At the northern boundary fire trail, I turned west. 14km to go. I was finally able to remove my hot rainpants. Hooray! I had another celebration Espresso with water and decided I'd better start water rationing more seriously. Three sips every 10 minutes. This would hopefully allow me to preserve my water to near the end, preventing the mental negativity I'd experience if I ran out early and had dry mouth for a long time. Low water meant I'd have to run at a steady/easy pace - no hard physical finish. This was going to be a hard mental finish instead :-)

Melting crisis averted.
There was a shallow puddle of skunky orange water with things that looked alive in it. I soaked my hat, by letting it sit in the puddle for a minute as I ate my gel. Joyously, I found a real flowing creek a few k's later and walked right in, shoes and all! Using my hat, I poured water over my legs, chest, and down my back. I shrieked with the cold, but it was so good to get my core temperature back to normal. Probably a kilometre later, I went through another little creek. I soaked again, as I didn't think this would continue. I was already nearly dry from the last soaking.

I continued on, spooking emu periodically in the field next to me. I must have seen at least 14 in total, including 4 chicks. They brightened my spirits. Periodically, I had been in the habit of reaching behind to feel my SPOT device. With 6km to go, I felt. No SPOT. Bad SPOT, bad! I had no idea where it was, but I couldn't go back. I started to picture a recovery run coming into my future for tomorrow, replacing the relaxing picture I had of lazing in my tent in the morning. Damn. I couldn't figure out how I'd lost it, except that I'd perhaps left it on the ground at the Espresso stop. This was a lesson for the Yukon Arctic Ultra - how would I keep myself from losing critical gear or leaving gear behind when shattered from sleep deprivation and cold and fatigue?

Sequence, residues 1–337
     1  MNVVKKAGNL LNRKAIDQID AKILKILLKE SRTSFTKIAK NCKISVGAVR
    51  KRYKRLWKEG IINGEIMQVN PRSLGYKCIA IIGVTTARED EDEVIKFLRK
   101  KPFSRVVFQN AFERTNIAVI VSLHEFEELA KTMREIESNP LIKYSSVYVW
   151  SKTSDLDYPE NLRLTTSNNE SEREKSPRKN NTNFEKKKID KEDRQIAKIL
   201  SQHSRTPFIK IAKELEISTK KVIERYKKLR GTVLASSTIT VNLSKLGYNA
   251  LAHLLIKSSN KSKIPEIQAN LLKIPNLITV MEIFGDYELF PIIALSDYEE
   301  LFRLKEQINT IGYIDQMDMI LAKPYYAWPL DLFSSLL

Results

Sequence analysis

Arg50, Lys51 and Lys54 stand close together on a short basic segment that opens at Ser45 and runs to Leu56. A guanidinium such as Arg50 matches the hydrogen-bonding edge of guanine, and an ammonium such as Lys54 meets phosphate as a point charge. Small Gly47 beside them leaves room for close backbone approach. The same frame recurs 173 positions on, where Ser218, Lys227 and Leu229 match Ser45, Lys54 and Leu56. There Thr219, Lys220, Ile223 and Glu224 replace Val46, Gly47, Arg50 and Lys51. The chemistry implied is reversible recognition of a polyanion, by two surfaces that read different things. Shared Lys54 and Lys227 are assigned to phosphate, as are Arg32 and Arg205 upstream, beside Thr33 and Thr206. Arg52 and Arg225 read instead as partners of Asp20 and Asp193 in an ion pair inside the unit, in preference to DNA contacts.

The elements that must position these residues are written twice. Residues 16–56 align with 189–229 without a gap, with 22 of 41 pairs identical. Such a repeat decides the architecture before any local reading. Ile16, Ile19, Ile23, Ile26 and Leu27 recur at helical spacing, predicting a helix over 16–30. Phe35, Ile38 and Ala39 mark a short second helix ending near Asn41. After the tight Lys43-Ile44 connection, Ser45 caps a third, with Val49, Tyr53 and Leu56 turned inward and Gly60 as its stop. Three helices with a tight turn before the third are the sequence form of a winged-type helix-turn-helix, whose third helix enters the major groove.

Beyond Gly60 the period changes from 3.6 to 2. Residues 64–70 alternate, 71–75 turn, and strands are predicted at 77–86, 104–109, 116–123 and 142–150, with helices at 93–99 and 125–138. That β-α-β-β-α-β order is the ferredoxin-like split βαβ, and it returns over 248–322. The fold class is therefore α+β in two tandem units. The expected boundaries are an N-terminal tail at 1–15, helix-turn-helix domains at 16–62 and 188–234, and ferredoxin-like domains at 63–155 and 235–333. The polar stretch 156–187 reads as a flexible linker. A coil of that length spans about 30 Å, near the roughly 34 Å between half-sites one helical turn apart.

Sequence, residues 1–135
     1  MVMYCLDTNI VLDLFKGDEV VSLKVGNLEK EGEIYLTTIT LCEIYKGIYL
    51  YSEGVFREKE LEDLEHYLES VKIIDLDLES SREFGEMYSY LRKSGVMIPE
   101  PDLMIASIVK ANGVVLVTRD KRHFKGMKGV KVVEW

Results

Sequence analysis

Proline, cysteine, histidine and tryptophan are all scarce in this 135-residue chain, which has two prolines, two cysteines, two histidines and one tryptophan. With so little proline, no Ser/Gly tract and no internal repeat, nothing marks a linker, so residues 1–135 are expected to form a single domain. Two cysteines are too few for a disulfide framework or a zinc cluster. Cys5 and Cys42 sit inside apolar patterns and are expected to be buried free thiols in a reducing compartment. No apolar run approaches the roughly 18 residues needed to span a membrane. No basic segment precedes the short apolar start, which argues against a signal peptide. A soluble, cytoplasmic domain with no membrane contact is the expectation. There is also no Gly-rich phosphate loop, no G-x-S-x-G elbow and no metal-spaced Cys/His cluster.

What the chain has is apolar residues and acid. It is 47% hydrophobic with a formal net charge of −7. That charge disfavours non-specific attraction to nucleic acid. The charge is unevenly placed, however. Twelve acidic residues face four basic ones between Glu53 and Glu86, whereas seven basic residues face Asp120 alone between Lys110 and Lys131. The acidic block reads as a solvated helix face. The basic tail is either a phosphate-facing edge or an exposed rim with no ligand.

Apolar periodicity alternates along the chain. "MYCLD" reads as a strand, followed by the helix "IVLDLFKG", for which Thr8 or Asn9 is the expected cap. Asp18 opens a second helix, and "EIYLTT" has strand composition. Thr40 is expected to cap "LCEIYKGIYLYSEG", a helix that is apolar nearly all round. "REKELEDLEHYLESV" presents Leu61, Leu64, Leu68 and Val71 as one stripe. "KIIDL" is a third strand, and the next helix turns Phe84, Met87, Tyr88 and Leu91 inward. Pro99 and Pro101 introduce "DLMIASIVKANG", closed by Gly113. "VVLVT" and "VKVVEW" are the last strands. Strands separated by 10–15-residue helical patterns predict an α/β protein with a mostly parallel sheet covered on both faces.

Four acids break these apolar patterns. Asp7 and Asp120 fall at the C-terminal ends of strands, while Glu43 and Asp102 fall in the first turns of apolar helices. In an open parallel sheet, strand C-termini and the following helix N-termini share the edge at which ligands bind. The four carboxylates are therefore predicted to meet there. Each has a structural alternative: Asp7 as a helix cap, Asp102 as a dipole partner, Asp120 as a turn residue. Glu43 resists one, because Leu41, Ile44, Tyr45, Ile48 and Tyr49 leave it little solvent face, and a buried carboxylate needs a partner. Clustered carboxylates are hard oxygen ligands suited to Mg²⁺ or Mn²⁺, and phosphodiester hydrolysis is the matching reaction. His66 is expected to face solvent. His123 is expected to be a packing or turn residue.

With a few k's to go, I passed a thicker bunch of trees that had a particular smell. I can only call it the "Bibbulmun smell." When I get that smell, I'm immediately transported back to the Bibbulmun FKT with a wave of anxiety. Four years on and I'm still affected by that trip...and think about doing it again, self-supported. Nutter.

I started looking at my Garmin map, knowing I should see the bread crumb trail of my starting position appear. I zoomed out and saw it about 3k away. A few minutes later I looked again. It looked the same. I tried to wait longer, but looked again. And again. It was like a cruel joke, as it just didn't seem to be getting any closer. A watched pot never boils and a watched Garmin triangle on a map never moves. I had to take my mind off my negativity. I was running west, right into the sun, on a sandy track, with rationed water and nearly 11 hours in my legs. My shoes, gaiters, and long Compressport socks were covered in some kind of sharp, poking barbed grass that covered sections of this track. I looked like I'd been attacked by a porcupine and I felt it, too. I needed to get out of my negative talk. I pledged to sing the alphabet song five times before I was allowed to look at my watch again. Naturally, I sang in my head to prevent making my dry mouth worse. I am a sensible girl, after all ;-)

At 11 hours 6 minutes 27 seconds, I connected my loop back at the road intersection. I took the photos for further evidence to go with my GPS files and jogged the 600 metres or so back to the campground. I aimed straight for my esky, where I downed the two cold drinks I had in less time than it takes to sing the ABC's.

Done. The happy is all inside, a little shrunk with dehydration. It will expand soon :-)

The next day at 6.30 am, I went back for SPOT, having the coordinates sent to me by Rolf. About 8k back, there he was, still calling out every 10 minutes. The plastic protective case had been torn, allowing it to fall from my pack, where it was clasped. The branch that caught me on the run out was likely the trigger that started the rip and my continued running had caused it to keep tearing until it finally gave way.

So go on. Get out there and find your own personal challenge on the RTW. It's there, waiting to commune with you.

Addendum: Please, please, please, think twice if you read about my ability to manage on 1.25ltr of water for 6 hours and use that as your gauge for packing water for your RTW. Have a look at the ultra running experience I have. I know my body well and can read its signs. It has adapted. Several years ago, that would have been impossible for me. I'm not trying to be cocky. Cocky can kill. Or at least teach us very painful lessons.